Elmer Dessens has agreed to a minor-league contract with the Giants, with Jon Paul Morosi of FOXSports.com reporting that the deal will pay $600,000 if the veteran right-hander makes the team out of spring training.
Dessens spent the past two seasons with the Mets and posted a 2.71 ERA in 80 innings, but that success came from an awful lot of smoke and mirrors as he managed just 30 strikeouts compared to 26 walks.
He’s certainly not a bad pickup on a minor-league deal and Dessens is capable of being a decent middle reliever or long man in the Giants’ bullpen, but don’t expect his 2009/2010 success to continue at age 40.
Last night in the top of the eighth inning of the Dodgers-Cubs game, Curtis Granderson struck out. Or, at the very least, he should’ve. After the game, the umpire who said he didn’t admitted he screwed up.
While trying to squelch a Dodgers comeback, Wade Davis got Granderson into a 2-2 count. Davis threw his pitch, Granderson whiffed on it, it hit the dirt, and Willson Contreras applied the tag for the out. End of the inning, right? Wrong: Granderson argued to home plate umpire Jim Wolf that he made slight contact with the ball, Wolf, after conferring with the other umps agreed, and Granderson lived to see another pitch.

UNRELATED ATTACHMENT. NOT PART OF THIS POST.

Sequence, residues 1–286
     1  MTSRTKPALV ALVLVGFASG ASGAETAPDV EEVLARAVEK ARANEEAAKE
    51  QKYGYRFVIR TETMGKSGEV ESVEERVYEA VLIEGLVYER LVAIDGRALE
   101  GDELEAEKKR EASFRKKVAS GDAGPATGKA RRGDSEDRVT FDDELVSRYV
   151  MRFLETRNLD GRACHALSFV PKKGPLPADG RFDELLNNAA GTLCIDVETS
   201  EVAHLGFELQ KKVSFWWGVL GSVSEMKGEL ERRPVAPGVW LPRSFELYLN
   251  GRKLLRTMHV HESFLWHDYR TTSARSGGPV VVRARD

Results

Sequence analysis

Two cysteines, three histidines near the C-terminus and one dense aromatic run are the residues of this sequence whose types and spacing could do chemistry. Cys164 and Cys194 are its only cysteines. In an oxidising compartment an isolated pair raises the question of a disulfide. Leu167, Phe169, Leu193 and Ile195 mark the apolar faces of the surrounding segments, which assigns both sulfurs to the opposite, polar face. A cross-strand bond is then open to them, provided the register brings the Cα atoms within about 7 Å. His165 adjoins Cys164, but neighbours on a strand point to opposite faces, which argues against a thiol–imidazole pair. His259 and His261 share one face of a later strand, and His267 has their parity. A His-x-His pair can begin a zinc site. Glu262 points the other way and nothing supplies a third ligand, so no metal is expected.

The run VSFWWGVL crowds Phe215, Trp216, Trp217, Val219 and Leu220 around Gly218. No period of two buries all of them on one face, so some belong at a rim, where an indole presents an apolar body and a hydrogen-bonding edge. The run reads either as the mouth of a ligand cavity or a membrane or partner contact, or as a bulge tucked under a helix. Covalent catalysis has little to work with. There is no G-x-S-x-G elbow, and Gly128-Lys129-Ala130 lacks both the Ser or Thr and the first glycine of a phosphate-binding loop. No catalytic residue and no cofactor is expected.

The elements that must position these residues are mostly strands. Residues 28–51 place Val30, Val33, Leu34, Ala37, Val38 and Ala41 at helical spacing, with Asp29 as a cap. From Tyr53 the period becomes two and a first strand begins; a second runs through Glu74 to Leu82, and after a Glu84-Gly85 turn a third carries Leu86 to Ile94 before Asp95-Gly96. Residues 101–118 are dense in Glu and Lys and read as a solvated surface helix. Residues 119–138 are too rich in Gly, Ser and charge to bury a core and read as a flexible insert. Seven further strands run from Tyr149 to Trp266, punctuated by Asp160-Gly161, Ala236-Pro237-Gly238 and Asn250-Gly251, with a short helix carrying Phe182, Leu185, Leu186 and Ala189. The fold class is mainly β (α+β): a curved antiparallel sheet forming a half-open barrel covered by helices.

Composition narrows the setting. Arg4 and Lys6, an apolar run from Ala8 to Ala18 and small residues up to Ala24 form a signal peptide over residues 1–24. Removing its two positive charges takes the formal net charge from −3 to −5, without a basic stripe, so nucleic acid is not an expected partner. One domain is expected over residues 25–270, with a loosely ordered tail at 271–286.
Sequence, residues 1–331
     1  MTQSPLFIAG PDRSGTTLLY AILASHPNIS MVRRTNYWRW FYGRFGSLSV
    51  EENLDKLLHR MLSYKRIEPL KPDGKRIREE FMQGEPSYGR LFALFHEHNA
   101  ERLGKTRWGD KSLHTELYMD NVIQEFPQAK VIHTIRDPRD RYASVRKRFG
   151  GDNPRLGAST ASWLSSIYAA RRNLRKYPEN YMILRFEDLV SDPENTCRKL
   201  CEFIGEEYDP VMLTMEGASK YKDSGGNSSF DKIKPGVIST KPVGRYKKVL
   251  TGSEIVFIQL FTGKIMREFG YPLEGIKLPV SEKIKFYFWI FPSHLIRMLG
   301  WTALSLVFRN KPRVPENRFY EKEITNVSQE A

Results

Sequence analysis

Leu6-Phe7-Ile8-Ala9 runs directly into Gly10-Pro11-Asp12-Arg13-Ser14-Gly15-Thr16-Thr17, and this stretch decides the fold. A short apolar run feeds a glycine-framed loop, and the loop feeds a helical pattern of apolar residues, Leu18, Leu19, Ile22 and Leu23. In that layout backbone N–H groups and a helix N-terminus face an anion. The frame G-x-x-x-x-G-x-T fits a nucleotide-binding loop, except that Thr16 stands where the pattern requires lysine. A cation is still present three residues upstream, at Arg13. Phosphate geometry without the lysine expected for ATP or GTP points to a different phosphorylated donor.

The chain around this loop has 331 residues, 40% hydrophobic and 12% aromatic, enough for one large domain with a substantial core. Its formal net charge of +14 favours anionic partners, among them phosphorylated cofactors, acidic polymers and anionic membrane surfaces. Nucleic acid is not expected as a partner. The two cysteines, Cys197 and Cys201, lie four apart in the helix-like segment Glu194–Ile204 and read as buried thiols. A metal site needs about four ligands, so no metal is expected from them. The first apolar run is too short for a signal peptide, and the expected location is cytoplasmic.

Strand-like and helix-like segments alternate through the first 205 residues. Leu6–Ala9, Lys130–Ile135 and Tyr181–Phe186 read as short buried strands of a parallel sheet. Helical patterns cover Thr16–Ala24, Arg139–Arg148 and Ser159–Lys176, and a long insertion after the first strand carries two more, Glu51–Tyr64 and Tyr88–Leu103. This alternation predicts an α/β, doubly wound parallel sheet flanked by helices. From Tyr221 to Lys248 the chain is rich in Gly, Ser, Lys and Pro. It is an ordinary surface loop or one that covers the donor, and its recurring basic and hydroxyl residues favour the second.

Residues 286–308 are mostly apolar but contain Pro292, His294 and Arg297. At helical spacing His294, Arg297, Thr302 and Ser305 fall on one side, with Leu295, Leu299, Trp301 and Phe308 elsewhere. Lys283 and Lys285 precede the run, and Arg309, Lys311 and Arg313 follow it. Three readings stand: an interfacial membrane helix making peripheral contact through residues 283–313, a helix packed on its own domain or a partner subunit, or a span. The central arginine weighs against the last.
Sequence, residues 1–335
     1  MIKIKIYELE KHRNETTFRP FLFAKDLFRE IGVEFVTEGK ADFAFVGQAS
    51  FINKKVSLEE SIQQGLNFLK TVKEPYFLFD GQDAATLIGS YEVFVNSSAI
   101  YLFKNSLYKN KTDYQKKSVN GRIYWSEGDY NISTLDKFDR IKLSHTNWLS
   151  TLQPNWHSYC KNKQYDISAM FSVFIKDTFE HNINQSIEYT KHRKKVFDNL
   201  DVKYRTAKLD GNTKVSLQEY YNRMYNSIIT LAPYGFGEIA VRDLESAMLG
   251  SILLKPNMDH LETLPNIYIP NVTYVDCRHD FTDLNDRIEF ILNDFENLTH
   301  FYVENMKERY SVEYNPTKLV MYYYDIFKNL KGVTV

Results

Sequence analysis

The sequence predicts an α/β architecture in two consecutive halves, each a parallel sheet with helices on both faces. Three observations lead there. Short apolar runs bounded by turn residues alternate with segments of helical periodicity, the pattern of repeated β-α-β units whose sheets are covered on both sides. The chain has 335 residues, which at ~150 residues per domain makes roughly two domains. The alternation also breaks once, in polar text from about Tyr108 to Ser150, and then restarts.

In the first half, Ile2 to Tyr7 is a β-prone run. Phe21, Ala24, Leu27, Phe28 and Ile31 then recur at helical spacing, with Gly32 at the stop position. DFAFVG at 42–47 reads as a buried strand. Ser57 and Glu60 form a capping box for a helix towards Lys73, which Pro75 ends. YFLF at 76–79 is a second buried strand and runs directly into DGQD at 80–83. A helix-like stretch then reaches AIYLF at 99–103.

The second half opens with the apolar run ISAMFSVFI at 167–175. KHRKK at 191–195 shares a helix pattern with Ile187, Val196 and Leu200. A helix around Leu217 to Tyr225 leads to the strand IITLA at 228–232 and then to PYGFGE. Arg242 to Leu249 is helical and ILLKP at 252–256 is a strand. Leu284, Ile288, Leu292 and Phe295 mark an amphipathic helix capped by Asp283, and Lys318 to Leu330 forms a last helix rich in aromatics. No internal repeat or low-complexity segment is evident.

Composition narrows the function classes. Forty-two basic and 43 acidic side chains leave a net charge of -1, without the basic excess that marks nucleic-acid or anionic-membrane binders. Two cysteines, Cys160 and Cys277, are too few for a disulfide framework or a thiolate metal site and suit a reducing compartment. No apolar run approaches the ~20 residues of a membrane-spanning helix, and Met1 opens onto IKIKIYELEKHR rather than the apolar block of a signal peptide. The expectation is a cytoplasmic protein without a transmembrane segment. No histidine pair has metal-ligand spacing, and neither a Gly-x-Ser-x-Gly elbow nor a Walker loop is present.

Before he’d see that pitch, Joe Maddon came out to argue the call and got so agitated about it all he was ejected for the second time in this series. He was right to argue:
It all ended up not mattering, of course, because Granderson struck out eventually anyway.
Normally such things end there, but after the game a reporter got to Wolf and Wolf did something umpires don’t often do: he admitted he blew the call:
It’s good that the bad call ended up not affecting anything. But the part of me who likes to stir up crap and watch chaos rule in baseball really kinda wishes that Granderson had hit a series-clinching homer right after that. At least as long as it didn’t result in Cubs fans burning Chicago to the ground.